84 Cells have voltage!Opposite charges on opposite sides of cell membranemembrane is polarizednegative inside; positive outsidecharge gradientstored energy (like a battery)+This is an imbalanced condition.The positively + charged ions repel each other as do the negatively - charged ions. They “want” to flow down their electrical gradient and mix together evenly.This means that there is energy stored here, like a dammed up river.Voltage is a measurement of stored electrical energy. Like “Danger High Voltage” = lots of energy (lethal).––+
85 How does a nerve impulse travel? Wave: nerve impulse travels down neuronchange in charge opens next Na+ gates down the line“voltage-gated” channelsNa+ ions continue to diffuse into cell“wave” moves down neuron = action potentialGate+–channel closedchannel openThe rest of the dominoes fall!–+Na+wave
87 The nervous and endocrine systems send completely different kinds of messages so they never work together.
88 Chemical synapse Events at synapse ion-gated channels open action potential depolarizes membraneopens Ca++ channelsneurotransmitter vesicles fuse with membranerelease neurotransmitter to synapse diffusionneurotransmitter binds with protein receptorion-gated channels openneurotransmitter degraded or reabsorbedaxon terminalaction potentialsynaptic vesiclessynapseCa++Calcium is a very important ion throughout your body. It will come up again and again involved in many processes.neurotransmitter acetylcholine (ACh)receptor proteinmuscle cell (fiber)We switched…from an electrical signalto a chemical signal
90 All hormones have the same types of effects on cells, no matter what they are made of.
91 Relay molecules in a signal transduction EXTRACELLULARFLUIDCYTOPLASMPlasma membraneReceptionTransductionResponseReceptorActivationof cellularresponseRelay molecules in a signal transductionpathwaySignalmolecule
92 LE 11-6 Hormone EXTRACELLULAR (testosterone) FLUID The steroid hormone testosteronepasses through theplasma membrane.PlasmamembraneTestosterone bindsto a receptor proteinin the cytoplasm,activating it.ReceptorproteinHormone-receptorcomplexThe hormone-receptor complexenters the nucleusand binds to specificgenes.DNAmRNAThe bound proteinstimulates thetranscription ofthe gene into mRNA.NUCLEUSNew proteinThe mRNA istranslated into aspecific protein.CYTOPLASM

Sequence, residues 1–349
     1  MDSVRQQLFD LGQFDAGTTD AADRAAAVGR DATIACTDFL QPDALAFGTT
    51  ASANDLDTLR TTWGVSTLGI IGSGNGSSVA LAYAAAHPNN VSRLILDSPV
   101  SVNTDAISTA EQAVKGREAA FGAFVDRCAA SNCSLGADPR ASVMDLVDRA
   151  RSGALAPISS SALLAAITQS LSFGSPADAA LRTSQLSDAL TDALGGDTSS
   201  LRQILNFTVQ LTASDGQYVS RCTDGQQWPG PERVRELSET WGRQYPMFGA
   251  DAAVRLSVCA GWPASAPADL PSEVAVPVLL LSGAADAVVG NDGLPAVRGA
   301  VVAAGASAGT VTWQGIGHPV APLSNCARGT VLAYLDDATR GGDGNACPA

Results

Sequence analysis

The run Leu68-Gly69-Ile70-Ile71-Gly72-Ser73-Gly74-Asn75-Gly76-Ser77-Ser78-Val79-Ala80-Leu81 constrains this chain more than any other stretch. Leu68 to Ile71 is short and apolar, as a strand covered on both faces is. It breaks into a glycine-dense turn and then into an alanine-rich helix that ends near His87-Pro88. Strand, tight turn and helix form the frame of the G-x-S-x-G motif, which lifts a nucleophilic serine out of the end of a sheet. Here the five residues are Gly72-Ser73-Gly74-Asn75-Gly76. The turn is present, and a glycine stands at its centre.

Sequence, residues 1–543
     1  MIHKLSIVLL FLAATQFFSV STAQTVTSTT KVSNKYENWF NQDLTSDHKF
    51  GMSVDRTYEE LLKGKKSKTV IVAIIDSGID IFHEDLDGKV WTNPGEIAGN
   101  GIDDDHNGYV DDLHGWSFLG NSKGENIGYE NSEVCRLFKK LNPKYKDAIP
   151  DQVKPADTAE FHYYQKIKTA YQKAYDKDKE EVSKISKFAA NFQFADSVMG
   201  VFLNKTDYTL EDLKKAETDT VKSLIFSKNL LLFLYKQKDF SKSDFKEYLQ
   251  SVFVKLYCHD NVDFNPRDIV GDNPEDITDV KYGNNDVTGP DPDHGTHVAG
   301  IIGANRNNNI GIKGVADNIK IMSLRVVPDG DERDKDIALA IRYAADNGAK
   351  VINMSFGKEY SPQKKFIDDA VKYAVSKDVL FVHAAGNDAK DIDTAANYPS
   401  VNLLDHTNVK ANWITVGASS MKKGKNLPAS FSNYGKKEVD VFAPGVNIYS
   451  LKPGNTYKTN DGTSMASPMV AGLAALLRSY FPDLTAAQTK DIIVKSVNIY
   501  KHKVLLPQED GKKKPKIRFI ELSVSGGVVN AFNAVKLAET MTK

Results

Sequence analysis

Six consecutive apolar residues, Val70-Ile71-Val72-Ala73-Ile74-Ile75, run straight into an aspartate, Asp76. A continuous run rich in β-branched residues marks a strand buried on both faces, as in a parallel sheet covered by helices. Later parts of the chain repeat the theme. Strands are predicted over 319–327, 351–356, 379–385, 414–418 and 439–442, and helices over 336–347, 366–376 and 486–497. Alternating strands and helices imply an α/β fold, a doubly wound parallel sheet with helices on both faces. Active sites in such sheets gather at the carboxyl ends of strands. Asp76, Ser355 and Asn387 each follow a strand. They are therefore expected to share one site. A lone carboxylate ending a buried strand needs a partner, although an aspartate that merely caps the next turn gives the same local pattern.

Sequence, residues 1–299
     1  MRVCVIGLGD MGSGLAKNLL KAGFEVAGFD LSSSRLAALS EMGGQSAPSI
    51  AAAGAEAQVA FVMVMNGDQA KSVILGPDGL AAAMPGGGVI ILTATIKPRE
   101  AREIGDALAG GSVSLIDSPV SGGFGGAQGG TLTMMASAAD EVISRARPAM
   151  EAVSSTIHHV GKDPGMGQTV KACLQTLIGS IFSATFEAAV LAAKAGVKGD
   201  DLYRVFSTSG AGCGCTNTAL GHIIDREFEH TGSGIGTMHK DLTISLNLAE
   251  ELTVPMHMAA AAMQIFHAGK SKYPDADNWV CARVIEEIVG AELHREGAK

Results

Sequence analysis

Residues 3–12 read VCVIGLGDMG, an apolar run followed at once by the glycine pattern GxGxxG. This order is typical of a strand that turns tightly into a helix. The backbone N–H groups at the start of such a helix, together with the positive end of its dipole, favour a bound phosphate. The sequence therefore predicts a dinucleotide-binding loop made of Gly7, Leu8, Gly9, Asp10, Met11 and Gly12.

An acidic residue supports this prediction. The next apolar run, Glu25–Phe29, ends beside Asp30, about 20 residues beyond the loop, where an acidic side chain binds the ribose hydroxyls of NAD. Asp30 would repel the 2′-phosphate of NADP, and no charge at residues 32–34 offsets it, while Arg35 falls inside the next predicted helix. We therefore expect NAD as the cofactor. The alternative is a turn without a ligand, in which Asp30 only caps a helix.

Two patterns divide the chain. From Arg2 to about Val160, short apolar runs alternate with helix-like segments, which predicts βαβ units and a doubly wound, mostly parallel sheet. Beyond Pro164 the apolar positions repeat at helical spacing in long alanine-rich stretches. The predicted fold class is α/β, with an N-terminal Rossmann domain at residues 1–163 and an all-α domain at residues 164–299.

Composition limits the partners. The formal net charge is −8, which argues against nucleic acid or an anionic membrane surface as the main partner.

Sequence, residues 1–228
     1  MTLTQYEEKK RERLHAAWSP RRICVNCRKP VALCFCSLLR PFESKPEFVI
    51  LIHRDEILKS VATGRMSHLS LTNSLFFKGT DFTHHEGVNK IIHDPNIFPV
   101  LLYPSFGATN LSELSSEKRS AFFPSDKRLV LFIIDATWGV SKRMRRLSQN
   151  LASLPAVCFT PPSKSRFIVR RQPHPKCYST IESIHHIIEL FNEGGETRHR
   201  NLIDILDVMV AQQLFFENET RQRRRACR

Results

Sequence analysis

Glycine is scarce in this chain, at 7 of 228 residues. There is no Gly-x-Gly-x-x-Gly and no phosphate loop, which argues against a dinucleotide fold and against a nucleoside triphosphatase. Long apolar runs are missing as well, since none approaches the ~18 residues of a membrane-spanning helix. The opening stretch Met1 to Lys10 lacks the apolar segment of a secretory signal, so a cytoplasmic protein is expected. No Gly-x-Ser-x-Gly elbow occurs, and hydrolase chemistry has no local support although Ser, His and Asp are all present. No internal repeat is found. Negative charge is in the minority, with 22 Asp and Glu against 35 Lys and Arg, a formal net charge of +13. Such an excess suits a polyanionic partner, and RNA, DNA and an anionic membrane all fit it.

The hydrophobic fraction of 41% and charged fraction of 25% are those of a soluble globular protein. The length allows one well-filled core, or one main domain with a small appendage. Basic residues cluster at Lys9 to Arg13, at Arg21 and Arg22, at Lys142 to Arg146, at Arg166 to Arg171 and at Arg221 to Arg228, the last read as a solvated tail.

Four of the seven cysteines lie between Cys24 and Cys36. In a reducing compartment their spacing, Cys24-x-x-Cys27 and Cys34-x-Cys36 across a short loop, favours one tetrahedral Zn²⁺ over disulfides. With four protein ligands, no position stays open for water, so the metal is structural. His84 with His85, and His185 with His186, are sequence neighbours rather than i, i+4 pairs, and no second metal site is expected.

93 LE 11-7b Signal molecule Signal-binding site a Helix in the membrane TyrosinesTyrTyrTyrTyrTyrTyrTyrTyrTyrTyrTyrTyrTyrTyrTyrTyrTyrTyrReceptor tyrosinekinase proteins(inactive monomers)DimerCYTOPLASMActivated relayproteinsCellularresponse 1TyrTyrPTyrPTyrPTyrTyrPTyrTyrPTyrTyrPPPTyrTyrTyrTyrPTyrTyrPPTyrTyrPCellularresponse 26ATP6 ADPActivated tyrosine-kinase regions(unphosphorylateddimer)Fully activated receptortyrosine-kinase(phosphorylateddimer)Inactiverelay proteins
94 LE 11-10First messenger(signal moleculesuch as epinephrine)AdenylylcyclaseG proteinG-protein-linkedreceptorGTPATPSecondmessengercAMPProteinkinase ACellular responses
95 LE 11-8 Signal molecule Receptor Activated relay molecule Inactive protein kinase1Activeproteinkinase1Inactiveprotein kinase2ATPADPActiveproteinkinase2PPhosphorylation cascadePPPiInactiveprotein kinase3ATPADPActiveproteinkinase3PPPPiInactiveproteinATPADPPActiveproteinCellularresponsePPPi
96 All populations will increase continuously, regardless of outside factors.
97 Survivorship curves Generalized strategies What do these graphs tell about survival & strategy of a species?Generalized strategies251000100Human(type I)Hydra(type II)Oyster(type III)10150Percent of maximum life span75Survival per thousandI. High death rate in post-reproductive yearsII. Constant mortality rate throughout life spanA Type I curve is flat at the start, reflecting low death rates during early and middle life, then drops steeply as death rates increase among older age groups. Humans and many other large mammals that produce few offspring but provide them with good care often exhibit this kind of curve. In contrast, a Type III curve drops sharply at the start, reflecting very high death rates for the young, but then flattens out as death rates decline for those few individuals that have survived to a certain critical age. This type of curve is usually associated with organisms that produce very large numbers of offspring but provide little or no care, such as long–lived plants, many fishes, and marine invertebrates. An oyster, for example, may release millions of eggs, but most offspring die as larvae from predation or other causes. Those few that survive long enough to attach to a suitable substrate and begin growing a hard shell will probably survive for a relatively long time. Type II curves are intermediate, with a constant death rate over the organism’s life span. This kind of survivorship occurs in Belding’s ground squirrels and some other rodents, various invertebrates, some lizards, and some annual plants.III. Very high early mortality but the few survivors then live long (stay reproductive)
98 Reproductive strategies K-selectedlate reproductionfew offspringinvest a lot in raising offspringprimatescoconutr-selectedearly reproductionmany offspringlittle parental careinsectsmany plantsK-selectedr-selected
99 Logistic rate of growth Can populations continue to grow exponentially?Of course not!no natural controlsK = carrying capacityDecrease rate of growth as N reaches Keffect of natural controlsWhat happens as N approaches K?
100 Population growth predicted by the logistic model dNdt1.0NExponential growthLogistic growth1,500 N1,500K 1,500510155001,0002,000Number of generationsPopulation size (N)
Your consent to our cookies if you continue to use this website.